A lifetime of appreciation for Transformers and the growing acceptance of hobbies such as toy collecting in society generally means that we can share our hobby with more people, and wear it more proudly, although some of us did that from day one regardless of others’ opinions anyway. When you get to the root of it, it’s the amount of wonder instilled in us by Transformers toys at tender ages that is responsible for our enthusiasm and appreciation of the concept today, even if our reason for being in the hobby has evolved since then. So if they meant so much to us as kids, what does that mean for our own children?
For the last 3 months, I’ve been documenting the growth of my 2 year old daughter’s Transformers collection and her reaction to those toys on my own Square One blog. It’s been fascinating for me to see how enthusiastic she is, and how much of that comes from me. Obviously, I buy her things I think she will like, but it’s clear where my own collecting mentality and tastes spill over into the things I buy for her. This week on Source Blog I wanted to summarise those findings I made small individual posts about into something more coherent.
We all must have different opinions on how involved we’d like our children to be in our Transformers hobby, be it reading comics, watching cartoons, attending conventions, enjoying or even collecting toys. Some will want to keep as much distance between their bots and sprogs as is humanly possible, while others actively encourage participation. I was always of the opinion that I’d never press my hobby on my daughter, if she noticed the toys I’d let her see them, and if the interest was there I’d share in it – although not necessarily encourage its blossoming just yet.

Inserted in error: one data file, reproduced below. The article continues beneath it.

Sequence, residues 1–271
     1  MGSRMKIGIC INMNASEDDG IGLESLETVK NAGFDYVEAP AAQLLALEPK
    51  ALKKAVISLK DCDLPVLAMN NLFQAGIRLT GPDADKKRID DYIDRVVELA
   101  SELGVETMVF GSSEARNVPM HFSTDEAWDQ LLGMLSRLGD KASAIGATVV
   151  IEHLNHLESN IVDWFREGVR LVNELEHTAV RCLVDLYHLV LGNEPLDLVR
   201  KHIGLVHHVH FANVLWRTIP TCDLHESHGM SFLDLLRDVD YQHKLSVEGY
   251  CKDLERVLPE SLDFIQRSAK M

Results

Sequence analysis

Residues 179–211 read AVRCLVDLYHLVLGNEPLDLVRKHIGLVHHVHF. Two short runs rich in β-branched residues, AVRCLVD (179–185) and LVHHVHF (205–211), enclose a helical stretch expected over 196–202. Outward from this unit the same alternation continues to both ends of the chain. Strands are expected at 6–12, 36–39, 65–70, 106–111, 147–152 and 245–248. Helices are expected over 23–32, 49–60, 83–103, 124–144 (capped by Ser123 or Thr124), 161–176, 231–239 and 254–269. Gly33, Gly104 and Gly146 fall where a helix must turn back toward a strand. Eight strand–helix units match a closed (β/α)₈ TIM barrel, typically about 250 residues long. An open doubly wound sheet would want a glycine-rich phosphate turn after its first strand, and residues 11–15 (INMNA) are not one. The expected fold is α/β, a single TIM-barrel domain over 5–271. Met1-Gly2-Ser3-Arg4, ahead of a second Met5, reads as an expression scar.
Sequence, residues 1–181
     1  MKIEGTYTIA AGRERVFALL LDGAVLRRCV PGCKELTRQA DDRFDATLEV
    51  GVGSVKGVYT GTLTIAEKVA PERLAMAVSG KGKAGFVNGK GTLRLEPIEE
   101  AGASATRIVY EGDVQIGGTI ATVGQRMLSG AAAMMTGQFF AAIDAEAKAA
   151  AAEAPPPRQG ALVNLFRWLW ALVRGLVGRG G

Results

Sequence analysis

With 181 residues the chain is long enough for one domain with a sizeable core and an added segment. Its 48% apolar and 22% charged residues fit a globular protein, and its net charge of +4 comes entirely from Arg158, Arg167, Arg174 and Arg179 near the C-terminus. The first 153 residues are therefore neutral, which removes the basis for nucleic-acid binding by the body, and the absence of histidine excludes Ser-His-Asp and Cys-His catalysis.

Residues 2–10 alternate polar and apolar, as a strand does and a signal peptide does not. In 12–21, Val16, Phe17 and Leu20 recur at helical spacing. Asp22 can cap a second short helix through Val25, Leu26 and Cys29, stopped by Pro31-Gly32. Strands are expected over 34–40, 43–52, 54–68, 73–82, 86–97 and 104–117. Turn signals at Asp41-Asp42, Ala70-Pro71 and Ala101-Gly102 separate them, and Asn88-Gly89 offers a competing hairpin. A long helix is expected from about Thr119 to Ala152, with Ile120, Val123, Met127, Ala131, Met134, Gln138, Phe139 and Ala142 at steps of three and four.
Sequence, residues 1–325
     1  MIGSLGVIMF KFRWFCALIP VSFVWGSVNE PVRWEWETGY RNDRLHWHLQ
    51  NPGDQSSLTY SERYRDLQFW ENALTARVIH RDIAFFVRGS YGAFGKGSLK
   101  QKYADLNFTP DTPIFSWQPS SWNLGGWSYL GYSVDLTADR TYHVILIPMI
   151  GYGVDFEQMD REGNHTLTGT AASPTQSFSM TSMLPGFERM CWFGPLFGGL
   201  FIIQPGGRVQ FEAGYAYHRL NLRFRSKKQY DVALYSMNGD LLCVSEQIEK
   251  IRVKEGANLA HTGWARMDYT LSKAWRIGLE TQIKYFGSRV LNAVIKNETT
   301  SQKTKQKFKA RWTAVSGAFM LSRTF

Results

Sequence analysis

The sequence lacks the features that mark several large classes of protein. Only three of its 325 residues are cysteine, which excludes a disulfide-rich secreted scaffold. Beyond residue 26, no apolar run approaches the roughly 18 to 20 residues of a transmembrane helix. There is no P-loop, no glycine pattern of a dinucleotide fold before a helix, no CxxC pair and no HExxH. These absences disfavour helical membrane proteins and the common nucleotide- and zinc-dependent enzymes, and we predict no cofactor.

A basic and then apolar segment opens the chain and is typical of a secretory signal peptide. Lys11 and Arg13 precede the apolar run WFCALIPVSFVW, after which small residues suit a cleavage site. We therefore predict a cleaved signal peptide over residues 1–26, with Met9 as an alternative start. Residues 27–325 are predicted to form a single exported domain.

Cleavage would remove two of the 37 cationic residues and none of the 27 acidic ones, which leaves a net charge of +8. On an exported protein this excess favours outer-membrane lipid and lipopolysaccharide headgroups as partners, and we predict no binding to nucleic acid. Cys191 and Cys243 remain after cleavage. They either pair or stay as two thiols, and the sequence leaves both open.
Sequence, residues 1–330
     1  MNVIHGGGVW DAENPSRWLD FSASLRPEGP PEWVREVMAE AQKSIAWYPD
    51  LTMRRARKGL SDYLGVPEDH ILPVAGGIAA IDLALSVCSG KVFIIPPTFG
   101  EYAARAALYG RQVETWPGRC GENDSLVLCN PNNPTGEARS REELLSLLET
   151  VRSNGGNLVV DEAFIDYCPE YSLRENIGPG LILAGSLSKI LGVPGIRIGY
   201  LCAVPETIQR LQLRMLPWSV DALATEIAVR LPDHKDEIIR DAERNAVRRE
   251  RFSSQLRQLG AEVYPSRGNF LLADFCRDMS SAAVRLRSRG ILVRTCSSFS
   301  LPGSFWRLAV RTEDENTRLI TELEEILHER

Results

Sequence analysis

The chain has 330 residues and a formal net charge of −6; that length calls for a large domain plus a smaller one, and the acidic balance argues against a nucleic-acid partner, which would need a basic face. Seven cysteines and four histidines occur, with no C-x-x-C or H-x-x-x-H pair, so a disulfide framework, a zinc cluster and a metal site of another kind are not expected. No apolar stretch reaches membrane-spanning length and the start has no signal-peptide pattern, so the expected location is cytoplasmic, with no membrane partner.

As my collection thinned out, there were not many things I was confident giving a 2 year old to play with. The Generations Wheeljack and minibot keychains were a success though, the minibots much moreso. It started out as a couple of items I would hand to her if I needed her to sit or stand still for a second, or as reward, and the love affair with Bumblebee began thus.
It would surely be impossible to completely disconnect one’s own preferences and collecting interests from the toys we buy our children. Of course we’d make safety-conscious choices, and go for simplicity over sophistication initially depending on the ages of our little ones. Despite that, I’ve still seen my own variant-collecting mentality spill over into the toys I get for her.
I bought my daughter a Hasbro G1 Hot Rod reissue because it’s gorgeous, simple enough and very attractive (she’d also taken a huge interest in my C-78 Crystal Rodimus on display). Of course she cannot transform it yet, but I figured the robot and vehicle modes would appeal to her. Turns out she’s not that hot on it.
BotCon and BotCon Europe keychain exclusives Tap-Out and Rook respectively, however, great success. “She’s got a red Cliffjumper, so why not a green one, and a grey Windcharger too?”. Years of documenting minibot variants and chasing odd-coloured toys are definitely a case of daddy’s influence. When Rook #1 took a nosedive off her highchair and broke a leg, a second one was sourced. Most of the toys had been cheap and cheerful, some even gifted, but for Glyph I had to resort to TFW. On the whole, the minibots have served her very well, she loves them, can now transform them and they’ve survived admirably.